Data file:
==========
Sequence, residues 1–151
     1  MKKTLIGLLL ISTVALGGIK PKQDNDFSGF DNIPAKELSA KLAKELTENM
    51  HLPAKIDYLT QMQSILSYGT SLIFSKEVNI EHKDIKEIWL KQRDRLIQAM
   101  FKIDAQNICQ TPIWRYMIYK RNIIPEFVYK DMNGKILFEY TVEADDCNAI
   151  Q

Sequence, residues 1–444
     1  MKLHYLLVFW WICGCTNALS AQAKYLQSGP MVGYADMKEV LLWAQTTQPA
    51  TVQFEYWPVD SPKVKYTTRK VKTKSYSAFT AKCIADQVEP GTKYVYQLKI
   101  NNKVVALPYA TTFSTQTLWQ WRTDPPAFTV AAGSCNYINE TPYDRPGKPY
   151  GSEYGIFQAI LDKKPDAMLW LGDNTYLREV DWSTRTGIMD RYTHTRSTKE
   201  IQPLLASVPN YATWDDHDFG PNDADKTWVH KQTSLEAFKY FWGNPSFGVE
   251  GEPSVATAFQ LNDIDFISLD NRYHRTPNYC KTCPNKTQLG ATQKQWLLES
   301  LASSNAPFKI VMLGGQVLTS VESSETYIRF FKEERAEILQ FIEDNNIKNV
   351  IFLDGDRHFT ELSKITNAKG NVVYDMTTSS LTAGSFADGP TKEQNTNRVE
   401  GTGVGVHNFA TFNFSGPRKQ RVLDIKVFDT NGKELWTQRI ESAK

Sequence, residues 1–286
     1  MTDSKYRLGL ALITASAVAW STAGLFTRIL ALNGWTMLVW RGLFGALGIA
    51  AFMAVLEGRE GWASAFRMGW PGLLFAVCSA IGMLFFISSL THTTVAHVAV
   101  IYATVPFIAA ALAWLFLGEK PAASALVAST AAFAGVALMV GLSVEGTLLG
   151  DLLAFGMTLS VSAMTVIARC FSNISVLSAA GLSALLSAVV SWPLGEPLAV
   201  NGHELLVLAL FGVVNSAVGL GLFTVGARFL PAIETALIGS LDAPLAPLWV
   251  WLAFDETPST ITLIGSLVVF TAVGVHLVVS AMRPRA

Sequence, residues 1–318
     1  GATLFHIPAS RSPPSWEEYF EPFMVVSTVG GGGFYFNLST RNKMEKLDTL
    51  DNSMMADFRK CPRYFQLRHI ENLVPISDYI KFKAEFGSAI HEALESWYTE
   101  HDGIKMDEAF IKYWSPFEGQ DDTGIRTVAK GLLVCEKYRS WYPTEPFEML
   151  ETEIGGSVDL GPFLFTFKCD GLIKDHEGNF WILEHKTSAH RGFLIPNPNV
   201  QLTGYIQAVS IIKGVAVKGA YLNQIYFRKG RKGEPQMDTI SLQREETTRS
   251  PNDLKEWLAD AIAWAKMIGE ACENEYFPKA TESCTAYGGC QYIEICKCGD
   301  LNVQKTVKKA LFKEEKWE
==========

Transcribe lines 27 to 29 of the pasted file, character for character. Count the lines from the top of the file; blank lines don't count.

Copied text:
   151  ETEIGGSVDL GPFLFTFKCD GLIKDHEGNF WILEHKTSAH RGFLIPNPNV
   201  QLTGYIQAVS IIKGVAVKGA YLNQIYFRKG RKGEPQMDTI SLQREETTRS
   251  PNDLKEWLAD AIAWAKMIGE ACENEYFPKA TESCTAYGGC QYIEICKCGD